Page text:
CLAP for Youth on Career Roadmap

According to data released by the Census and Statistics Department in 2016, 3.8% of the youth population, or 29,780 youngsters, are not in employment or education. Assisting their integration to increase their participation in the community has become an important social issue. Through "Career and Life Adventure Planning Project for Youth" (CLAP), Professor Victor Wong Cheong-wing of the Department of Social Work at HKBU, and his team are providing guidance to young people on their development pathway.


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Prof Victor Wong Cheong-wing


CLAP for Youth@JC is Hong Kong's first cross-sectoral support platform that helps students and non-engaged youths navigate their futures. Supported by a HK$500 million donation from The Hong Kong Jockey Club Charities Trust, the project was launched in May 2015, for a period of five years.


As the Principal Investigator of the Community-based Team, Prof Wong leads the HKBU team with a focus on helping people between 15 and 21 years of age who are not in employment, education or training (NEET) and at-risk youths, in a community setting. While the age of NEET youths may vary, for the purpose of this project, it refers to young people aged 15 to 21.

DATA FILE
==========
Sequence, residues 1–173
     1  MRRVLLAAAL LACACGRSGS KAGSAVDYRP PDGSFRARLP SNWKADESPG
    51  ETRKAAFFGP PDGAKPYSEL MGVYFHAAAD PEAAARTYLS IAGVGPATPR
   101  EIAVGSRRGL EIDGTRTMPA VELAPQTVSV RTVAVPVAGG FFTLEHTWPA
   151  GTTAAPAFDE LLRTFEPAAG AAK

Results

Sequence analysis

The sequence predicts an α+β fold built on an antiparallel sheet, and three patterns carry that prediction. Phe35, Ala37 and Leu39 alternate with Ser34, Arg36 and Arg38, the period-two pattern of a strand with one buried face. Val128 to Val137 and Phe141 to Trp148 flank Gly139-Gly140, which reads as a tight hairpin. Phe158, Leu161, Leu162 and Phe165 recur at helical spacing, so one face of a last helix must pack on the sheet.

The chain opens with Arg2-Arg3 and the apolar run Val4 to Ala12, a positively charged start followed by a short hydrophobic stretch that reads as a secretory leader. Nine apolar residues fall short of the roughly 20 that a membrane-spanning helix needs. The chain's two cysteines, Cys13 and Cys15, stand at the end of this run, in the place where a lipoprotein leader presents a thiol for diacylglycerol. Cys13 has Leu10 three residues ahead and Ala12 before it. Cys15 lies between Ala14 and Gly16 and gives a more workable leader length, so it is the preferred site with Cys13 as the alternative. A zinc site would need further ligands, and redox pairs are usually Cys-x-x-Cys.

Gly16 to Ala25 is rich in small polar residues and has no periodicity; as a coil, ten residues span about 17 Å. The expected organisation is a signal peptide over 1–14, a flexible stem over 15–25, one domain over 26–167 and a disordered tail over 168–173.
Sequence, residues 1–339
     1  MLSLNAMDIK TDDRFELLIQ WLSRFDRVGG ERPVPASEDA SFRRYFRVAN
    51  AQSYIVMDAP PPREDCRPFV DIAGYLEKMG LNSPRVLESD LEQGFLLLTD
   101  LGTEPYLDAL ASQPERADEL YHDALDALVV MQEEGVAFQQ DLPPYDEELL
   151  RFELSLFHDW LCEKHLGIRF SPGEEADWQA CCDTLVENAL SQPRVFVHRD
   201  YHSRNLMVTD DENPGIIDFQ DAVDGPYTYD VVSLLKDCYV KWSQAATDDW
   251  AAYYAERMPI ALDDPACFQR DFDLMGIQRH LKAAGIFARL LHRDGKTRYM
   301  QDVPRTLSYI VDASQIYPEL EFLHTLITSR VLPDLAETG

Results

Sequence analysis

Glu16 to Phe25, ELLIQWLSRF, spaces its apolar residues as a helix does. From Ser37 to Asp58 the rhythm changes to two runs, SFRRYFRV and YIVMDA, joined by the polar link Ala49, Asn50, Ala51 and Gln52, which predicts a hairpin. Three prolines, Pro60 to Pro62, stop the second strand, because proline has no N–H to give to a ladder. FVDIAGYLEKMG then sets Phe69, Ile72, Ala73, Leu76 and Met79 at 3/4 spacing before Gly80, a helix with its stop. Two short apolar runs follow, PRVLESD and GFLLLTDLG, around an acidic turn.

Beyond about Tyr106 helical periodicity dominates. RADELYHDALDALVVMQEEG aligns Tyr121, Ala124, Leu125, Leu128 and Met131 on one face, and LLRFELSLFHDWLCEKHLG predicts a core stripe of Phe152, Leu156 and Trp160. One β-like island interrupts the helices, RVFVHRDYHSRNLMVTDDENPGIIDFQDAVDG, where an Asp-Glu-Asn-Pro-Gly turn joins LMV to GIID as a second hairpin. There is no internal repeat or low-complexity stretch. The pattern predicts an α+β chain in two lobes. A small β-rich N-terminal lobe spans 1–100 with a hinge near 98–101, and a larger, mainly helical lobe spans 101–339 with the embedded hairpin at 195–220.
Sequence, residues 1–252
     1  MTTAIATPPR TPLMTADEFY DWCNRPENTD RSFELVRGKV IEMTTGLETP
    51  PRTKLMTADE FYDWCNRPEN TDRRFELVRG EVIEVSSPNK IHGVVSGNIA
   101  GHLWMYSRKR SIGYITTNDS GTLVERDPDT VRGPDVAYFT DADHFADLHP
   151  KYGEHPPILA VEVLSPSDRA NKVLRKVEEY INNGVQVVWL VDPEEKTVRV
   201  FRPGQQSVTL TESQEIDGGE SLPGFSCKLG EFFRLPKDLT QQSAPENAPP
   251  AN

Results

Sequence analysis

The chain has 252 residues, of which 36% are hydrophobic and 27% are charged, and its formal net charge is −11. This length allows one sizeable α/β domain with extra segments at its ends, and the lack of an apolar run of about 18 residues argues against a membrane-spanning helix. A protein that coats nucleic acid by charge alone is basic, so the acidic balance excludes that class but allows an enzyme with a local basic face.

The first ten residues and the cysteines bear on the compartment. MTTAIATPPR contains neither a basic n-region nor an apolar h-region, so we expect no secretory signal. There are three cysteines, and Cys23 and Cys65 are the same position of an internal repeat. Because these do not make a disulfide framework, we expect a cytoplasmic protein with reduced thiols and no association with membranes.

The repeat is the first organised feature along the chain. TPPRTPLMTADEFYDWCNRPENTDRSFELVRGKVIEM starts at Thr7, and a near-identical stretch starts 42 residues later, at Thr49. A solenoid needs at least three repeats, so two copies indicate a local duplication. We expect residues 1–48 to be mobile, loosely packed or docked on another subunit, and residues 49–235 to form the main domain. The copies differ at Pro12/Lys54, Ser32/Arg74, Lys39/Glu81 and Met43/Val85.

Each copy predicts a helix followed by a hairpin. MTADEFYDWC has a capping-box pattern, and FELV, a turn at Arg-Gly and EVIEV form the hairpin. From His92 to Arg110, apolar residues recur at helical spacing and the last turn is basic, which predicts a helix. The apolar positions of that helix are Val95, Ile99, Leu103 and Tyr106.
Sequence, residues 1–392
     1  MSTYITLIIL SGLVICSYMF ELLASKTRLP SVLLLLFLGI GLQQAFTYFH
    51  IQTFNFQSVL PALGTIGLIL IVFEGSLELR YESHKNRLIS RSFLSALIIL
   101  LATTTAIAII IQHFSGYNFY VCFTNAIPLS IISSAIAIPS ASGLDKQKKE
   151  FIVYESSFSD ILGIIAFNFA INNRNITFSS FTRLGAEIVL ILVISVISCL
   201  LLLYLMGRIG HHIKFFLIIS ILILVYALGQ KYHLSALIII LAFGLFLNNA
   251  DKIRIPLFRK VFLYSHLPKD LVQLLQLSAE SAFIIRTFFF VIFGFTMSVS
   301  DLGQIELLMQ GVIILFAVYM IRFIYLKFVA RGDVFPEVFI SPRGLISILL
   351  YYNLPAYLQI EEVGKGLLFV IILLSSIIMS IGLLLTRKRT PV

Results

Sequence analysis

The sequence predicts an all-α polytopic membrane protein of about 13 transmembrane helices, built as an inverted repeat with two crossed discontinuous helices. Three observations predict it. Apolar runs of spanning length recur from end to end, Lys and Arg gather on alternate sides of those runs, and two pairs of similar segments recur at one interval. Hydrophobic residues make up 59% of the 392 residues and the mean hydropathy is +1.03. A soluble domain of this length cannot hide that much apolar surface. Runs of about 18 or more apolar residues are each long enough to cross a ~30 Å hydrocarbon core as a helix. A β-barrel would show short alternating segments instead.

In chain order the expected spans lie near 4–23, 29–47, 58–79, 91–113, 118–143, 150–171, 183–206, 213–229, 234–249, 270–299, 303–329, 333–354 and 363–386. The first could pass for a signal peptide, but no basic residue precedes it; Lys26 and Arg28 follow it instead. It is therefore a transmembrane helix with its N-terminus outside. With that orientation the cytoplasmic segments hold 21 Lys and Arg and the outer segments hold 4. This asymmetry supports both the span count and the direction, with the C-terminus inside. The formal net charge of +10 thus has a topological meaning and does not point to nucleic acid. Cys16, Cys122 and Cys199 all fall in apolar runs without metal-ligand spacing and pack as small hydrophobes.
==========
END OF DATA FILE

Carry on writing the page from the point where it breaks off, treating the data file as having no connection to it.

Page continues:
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CLAP promotes an expanded notion of career


Vocation is not equal to career

Community projects that serve NEET youth exist, but Prof Wong pointed out that the primary goal of these projects is to facilitate enrolment in further studies or job search. Prof Wong considers that this approach merely removes the "N" from "NEET". It only focuses on changing the status, but neglects whether it is an identity outcome or a positive outcome. He said that traditional outreach and youth services tend to just try to help youths find a status or place within mainstream society without taking into consideration talent allocation or the meaningfulness of career development in the eyes of youths.


In contrast to the conventional notion of career, which is limited to vocational career or paid work, Prof Wong's concept goes beyond vocational career to also include leisure career and learning career. Learning career traditionally means qualifications, but he believes learning is much more than that. "When people in mainstream society look at these marginalised teenagers, I hope they will see their potential, rather than academic qualifications. Academic qualifications are important, but experience is equally important." This has become the driving force behind his promotion of "CV360". A standard CV (curriculum vitae) only places emphasis on academic qualifications, professional qualifications and work experiences, but CV360 aims to provide a more rounded overview of the person by attaching importance also to life experiences, because these life experiences often bring about growth and development in young people.